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Persistence and Bioaccumulation Potential

Environmental Persistence

Table 4 presents the empirical degradation data for benzyl chloride. The biodegradation datum (MITI 1992) shows 71% biodegradation over 28 days in a ready-biodegradation test for benzyl chloride, indicating that the ultimate degradation half-life in water is “days or weeks”--much shorter than 182 days--and that the substance is unlikely to persist in that environmental compartment. In addition, there is evidence that benzyl chloride rapidly hydrolyses; the hydrolysis half-life at pH 7 and 25°C is reported to be 9.48 hours (OECD1998). The hydrolysis product, benzyl alcohol is in turn relatively easy biodegraded (Howard 1989). The photodegradation datum indicates a half-life (reaction with hydroxyl radicals) of 3.69 days in air, indicating that the substance is likely to persist in that environmental compartment.

The characteristic travel distance for this substance is estimated to be 1105 km (TaPL3 2000). This indicates that benzyl chloride is expected to be transported through the atmosphere to areas moderately far from its emission source.

Table 4. Empirical data for persistence

Table 4. Empirical data for persistence
MediumFate processDegradation valueEndpoint/unitsReference
Abbreviation: BOD = biological oxygen demand.
AirPhotodegradation3.69Half-life, daysAtkinson 1989
WaterBiodegradation71% BOD/28 daysMITI 1992
WaterHydrolysis9.48Half-life, hoursOECD1998

This empirical biodegradation information is supported by results of available quantitative structure–activity relationship (QSAR) models for biodegradation in water (BIOWIN 2000; TOPKAT 2004; CATABOL c2004–2008). The overall conclusion from BIOWIN (2000) is that benzyl chloride is readily biodegradable. Other ultimate degradation models (TOPKAT 2004; CATABOL c2004–2008) also predict that benzyl chloride undergoes relatively rapid mineralization.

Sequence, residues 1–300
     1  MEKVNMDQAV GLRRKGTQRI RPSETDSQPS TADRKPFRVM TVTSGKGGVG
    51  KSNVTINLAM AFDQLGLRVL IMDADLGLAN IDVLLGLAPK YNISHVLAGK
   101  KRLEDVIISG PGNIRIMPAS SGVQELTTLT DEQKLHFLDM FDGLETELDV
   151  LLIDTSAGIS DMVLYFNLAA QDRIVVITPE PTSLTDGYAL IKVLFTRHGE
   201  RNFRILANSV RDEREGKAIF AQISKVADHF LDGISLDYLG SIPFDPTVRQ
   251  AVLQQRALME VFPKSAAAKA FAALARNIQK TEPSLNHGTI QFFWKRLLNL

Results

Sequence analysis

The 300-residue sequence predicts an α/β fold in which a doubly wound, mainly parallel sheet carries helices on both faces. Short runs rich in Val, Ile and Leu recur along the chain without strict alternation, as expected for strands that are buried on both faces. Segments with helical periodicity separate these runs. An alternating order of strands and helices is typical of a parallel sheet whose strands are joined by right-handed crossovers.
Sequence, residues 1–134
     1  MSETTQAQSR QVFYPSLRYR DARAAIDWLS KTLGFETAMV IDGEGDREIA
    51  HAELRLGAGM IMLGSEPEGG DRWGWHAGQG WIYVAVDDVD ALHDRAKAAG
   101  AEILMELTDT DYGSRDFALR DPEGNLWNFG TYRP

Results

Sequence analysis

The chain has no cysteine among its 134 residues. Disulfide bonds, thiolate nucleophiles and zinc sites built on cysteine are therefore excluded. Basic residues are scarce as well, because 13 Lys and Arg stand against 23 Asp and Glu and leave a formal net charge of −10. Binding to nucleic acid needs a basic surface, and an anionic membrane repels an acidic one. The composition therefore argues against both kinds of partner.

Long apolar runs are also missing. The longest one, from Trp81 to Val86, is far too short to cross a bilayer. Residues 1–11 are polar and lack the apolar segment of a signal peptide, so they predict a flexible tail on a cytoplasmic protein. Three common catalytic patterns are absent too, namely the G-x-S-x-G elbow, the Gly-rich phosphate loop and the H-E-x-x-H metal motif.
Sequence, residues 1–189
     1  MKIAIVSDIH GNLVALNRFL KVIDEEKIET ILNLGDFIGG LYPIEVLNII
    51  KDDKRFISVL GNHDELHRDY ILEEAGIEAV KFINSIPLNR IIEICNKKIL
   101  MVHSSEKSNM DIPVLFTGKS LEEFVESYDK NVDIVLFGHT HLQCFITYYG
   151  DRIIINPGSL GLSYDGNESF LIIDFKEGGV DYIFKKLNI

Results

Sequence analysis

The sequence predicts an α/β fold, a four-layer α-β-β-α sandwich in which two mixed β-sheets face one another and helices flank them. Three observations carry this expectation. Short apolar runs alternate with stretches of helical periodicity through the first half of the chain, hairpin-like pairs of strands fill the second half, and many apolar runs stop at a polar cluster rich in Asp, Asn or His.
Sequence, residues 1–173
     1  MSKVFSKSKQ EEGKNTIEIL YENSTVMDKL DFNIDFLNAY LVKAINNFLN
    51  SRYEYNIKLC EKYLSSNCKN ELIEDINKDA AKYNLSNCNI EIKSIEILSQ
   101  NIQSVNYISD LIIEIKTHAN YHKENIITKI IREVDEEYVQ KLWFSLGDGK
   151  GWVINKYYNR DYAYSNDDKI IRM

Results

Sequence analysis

The empirical and modelled data indicate that the ultimate degradation half-life of benzyl chloride in water is much less than 182 days and strongly suggest that it is less than 90 days. Using an extrapolation ratio of 1:1:4 for water:soil:sediment biodegradation half-lives (Boethling et al. 1995), the half-life in soil is also expected to be less than 182 days, and the half-life in sediments is expected to be less than 365 days, based on a half-life in water of less than 90 days. This indicates that benzyl chloride is not expected to be persistent in soil or sediment.

Based on the empirical (see Table 4) and modelled data, benzyl chloride does not meet the persistence criteria in water, soil or sediment (half-lives in soil and water = 182 days and half-life in sediment = 365 days), but it does meet the criterion for air (half-life in air ³ 2 days) as set out in the Persistence and Bioaccumulation Regulations (Canada 2000).

Potential for Bioaccumulation

Experimental log Kow values for benzyl chloride suggest that this chemical has a relatively low potential to bioaccumulate in the environment (see Table 2).